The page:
Your Questions About Forex Trading Hours

Maria asks…

During what hours is FOREX open? Are there off-hours trading?

Very good info. I still need to the times. Closes about 5pm EST Friday… Opens…. 5pm Sunday? …but I thought I remembered someone saying 24/6… still, I def remember people saying their services are avail 24/5…
it’s 5pm EST and they just went back online. There’s my answer – they’re down from 5mp EST Friday to 5pm EST Sunday. omg I’ll have weekends in my new career… when i get there…

kenspong answers:

Forex market is open 24 hours a day. It provides a great opportunity for traders to trade any time of the day or at night. However, although it seems to be not very important at the beginning, the right time to trade is one of the most crucial points to be successful in trading at the forex market.
So, when should one consider trading and why?

The best time to trade is when the market is the most active and therefore has the biggest volume of trades. More active currency moves will create a good chance to catch the trade and make some profit. A calm, slow market is literally wasting of time — turn off your computer and don’t even bother!

Forex trading hours, trading time:

New York opens 8:00 am to 5:00 pm EST
Tokyo opens 7:00 pm to 4:00 am EST
Sydney opens 5:00 pm to 2:00 am EST
London opens 3:00 am to 12:00 am EST

And so, there are hours when two sessions are overlapped:

New York and London — 8:00 am — 12:00 am EST
Sydney / Tokyo — 7:00 pm — 2:00 am EST
London /Tokyo — 3:00 am — 4:00am EST

For example, trading EUR/USD, USD/GPB currency pairs would give good results between 8:00 am and 12:00 am EST when two markets for those currencies are active.

At those overlapping trading hours you’ll find the highest volume of trades and therefore more chances to win in the foreign currency exchange market.

Betty asks…

Is there someone who can help me give me the information to always win in forex trading in 1 hour?

kenspong answers:

Nobody can always win….

The inability to accept this is actually the very reason that most fail.

John asks…

How similar is the real forex trading to the virtual practice ones?

I was just fooling around with the practice forex for a couple of hours today and made around $5k profit.

kenspong answers:

The simulations frequently do not match real world conditions.

Quoting from a federal government website:
“Real-time is not real: when marketing trading systems, some promoters claim that their systems have performed successfully in “Real-time Trading.” This means only that the system has been tested using a live data-feed, rather than being tested using historical market data.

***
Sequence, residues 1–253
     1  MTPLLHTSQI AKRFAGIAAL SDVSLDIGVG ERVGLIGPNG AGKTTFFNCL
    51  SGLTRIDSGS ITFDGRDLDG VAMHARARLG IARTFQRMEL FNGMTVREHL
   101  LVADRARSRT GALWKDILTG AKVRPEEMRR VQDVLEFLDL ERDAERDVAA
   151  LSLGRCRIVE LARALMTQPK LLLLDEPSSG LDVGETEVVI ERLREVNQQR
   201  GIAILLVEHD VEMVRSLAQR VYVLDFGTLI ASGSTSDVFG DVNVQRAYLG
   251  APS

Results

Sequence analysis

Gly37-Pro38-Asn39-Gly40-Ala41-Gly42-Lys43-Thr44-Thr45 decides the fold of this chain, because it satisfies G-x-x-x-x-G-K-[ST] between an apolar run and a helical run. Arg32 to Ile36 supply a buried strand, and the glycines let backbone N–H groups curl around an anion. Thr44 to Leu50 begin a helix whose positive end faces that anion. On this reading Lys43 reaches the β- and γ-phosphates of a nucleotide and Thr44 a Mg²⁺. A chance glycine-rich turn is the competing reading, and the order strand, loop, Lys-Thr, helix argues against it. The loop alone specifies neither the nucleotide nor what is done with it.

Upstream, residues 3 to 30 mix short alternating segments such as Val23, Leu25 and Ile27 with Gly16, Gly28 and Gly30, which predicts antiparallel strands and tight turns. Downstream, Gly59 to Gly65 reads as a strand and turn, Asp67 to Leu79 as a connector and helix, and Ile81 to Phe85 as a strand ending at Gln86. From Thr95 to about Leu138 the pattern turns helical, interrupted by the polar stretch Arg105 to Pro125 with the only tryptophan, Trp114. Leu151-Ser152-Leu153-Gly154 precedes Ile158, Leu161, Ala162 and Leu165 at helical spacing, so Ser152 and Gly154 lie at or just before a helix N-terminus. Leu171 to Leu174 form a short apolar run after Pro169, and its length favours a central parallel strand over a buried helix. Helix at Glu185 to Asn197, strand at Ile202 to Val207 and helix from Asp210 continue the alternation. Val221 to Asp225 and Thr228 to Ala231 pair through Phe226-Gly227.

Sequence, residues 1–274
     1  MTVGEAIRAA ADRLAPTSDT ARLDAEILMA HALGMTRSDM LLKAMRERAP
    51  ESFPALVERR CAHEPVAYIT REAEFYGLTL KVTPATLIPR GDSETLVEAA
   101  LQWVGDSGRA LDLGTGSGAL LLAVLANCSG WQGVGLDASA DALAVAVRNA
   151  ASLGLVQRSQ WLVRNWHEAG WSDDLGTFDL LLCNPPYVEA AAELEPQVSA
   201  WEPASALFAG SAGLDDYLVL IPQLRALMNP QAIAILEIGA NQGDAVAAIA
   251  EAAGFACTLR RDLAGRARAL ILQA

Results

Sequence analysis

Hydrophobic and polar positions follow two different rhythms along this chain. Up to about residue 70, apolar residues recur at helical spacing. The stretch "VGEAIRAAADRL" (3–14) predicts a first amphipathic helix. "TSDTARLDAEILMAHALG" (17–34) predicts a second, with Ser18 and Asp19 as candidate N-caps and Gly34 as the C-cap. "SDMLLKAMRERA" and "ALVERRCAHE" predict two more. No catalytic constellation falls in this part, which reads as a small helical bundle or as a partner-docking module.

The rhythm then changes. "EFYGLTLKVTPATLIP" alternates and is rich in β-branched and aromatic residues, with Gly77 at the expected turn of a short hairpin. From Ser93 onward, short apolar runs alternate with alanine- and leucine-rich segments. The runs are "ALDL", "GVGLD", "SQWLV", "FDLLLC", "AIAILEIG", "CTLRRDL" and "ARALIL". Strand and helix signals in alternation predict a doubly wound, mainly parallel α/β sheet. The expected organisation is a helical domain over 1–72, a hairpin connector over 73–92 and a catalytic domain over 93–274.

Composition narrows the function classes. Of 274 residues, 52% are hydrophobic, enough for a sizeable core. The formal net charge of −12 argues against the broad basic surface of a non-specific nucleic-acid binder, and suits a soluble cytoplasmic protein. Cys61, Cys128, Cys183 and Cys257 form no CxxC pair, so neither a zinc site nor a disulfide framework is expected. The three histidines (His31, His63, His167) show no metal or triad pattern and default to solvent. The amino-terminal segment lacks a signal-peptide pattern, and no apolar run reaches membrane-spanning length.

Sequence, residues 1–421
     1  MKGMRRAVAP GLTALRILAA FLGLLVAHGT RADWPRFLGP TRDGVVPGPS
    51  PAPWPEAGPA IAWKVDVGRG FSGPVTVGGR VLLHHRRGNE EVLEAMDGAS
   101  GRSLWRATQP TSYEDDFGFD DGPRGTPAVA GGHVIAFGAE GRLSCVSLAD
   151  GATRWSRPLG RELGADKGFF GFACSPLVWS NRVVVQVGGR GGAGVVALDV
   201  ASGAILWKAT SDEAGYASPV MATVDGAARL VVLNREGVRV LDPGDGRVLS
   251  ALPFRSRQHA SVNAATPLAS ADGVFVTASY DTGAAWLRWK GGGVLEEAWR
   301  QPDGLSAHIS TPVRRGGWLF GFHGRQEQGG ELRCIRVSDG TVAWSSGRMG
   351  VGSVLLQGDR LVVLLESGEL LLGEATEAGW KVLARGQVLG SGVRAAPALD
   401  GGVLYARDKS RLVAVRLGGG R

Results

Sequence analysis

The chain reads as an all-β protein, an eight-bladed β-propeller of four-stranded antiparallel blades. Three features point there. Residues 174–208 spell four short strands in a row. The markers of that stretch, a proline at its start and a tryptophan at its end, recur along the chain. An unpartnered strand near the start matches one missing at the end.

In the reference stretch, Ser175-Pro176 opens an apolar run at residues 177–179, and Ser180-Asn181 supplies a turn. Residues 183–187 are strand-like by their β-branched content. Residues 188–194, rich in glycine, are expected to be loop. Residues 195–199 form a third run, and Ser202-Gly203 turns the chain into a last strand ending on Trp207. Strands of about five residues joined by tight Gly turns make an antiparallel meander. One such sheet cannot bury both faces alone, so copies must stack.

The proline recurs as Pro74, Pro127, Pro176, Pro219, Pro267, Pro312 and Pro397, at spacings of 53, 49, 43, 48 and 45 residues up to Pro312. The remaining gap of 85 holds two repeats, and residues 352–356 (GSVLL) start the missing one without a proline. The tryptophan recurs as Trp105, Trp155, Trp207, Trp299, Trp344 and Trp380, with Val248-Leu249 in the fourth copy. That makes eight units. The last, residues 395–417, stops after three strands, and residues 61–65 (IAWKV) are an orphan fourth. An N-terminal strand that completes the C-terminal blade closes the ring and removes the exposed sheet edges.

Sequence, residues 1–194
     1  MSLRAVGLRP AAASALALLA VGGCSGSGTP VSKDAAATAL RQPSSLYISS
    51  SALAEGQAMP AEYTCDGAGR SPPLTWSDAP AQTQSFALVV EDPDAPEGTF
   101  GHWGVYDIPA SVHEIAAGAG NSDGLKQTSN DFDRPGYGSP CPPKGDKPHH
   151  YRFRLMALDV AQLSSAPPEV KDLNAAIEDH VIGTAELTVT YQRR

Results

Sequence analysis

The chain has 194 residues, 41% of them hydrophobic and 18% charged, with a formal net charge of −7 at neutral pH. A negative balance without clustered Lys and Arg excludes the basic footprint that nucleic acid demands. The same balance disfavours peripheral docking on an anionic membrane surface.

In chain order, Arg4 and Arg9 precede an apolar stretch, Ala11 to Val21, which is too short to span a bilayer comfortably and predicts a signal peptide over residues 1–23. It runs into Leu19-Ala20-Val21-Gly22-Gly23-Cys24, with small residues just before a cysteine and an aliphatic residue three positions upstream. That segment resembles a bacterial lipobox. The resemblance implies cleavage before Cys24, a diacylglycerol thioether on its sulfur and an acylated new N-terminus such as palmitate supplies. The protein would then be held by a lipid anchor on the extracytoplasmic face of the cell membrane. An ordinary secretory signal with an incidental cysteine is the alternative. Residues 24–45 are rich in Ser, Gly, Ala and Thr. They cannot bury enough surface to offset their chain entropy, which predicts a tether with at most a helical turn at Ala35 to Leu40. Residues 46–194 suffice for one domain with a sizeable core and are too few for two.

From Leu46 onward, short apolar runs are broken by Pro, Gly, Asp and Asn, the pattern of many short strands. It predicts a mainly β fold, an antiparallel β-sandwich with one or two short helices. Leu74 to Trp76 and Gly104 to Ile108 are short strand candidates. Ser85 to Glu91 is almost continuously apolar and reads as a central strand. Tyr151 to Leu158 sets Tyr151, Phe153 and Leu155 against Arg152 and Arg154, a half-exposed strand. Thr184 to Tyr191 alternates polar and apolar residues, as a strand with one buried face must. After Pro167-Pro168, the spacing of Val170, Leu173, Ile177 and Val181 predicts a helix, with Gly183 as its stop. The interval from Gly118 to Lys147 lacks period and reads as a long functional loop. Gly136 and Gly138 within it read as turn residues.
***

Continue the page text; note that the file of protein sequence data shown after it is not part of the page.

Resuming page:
Remember though that in real-time trading, no trades have actually been placed in the market. Performance results based on real-time trading are merely another form of hypothetical results, with the same limitations. “

Donna asks…

Is there any software to automate my FOREX trading?

I have been making some money on the FOREX markets. I don’t like being tied to my computer at odd hours. Do you recommend any software to automate my trades?

kenspong answers:

There are a couple I have come across, but the most reliable I have found is the one listed below. It is a great FOREX tool.


Mary asks…

Is/are there many cross currency pairs more volatile than the majors in forex trading?

It seems that USD based currency pairs have the lowest spread. However, I am living on the other half of the earth (12 hours ahead/behind New York), and I am new to such forex trading

kenspong answers:

It’s not entirely about location, since most financial markets are already integrated across the globe. USD based currency pairs have the lowest spread because the USD dollar remains the primary currency of trade across the planet/ among countries. The US remains the dominant economy in the world and so most other currencies are pegged to the USD, although the Euro and Japanese Yen also stand as major currencies. With that being said, volatility/spreads are lower/tighter because of the liquidity and activity of currency traders.

Let’s shift our attention to a common household item like soap (as if it were the USD). If there are a lot of buyers and sellers of this item, then the price and quantity movements would be shifting all the time at minuscule fluctuations. No one trader (buyer/seller) can effectively influence the price level of the soap because if he sold too high, another trader will simply come in and sell it a lower price (albeit at a fractional discount). This also applies to a buyer, if he quotes a price for a soap another guy may step in and offer to buy that soap at a higher price (albeit only at a fractional premium). Since everyone uses (demand) and sells (supply) soap, you can be sure someone will always be there to handle the soap, therefore higher liquidity, lower volatility, smaller spreads.

Rarely traded currency pairs are usually volatile and have bigger spreads simply because their liquidity is low. Let us again use a substitute item, bird cage. Although soaps are frequently seen in most if not all households, a bird cage is not. This means that not everyone is interested in buying or selling a bird cage. The very fact that a currency is infrequently used in market trade, also means that there is no point in handling too much of it. Sellers of a currency can try to offset the risk of not being able to sell it as easily as more popular currencies by demanding wider spreads. They can’t be sure that they will be making a sale in the next minute or so, but they know that in the next hour, the wait will be worth it (kind of like selling furniture).

Just keep demand and supply in mind. I hope this simplifies the concept!

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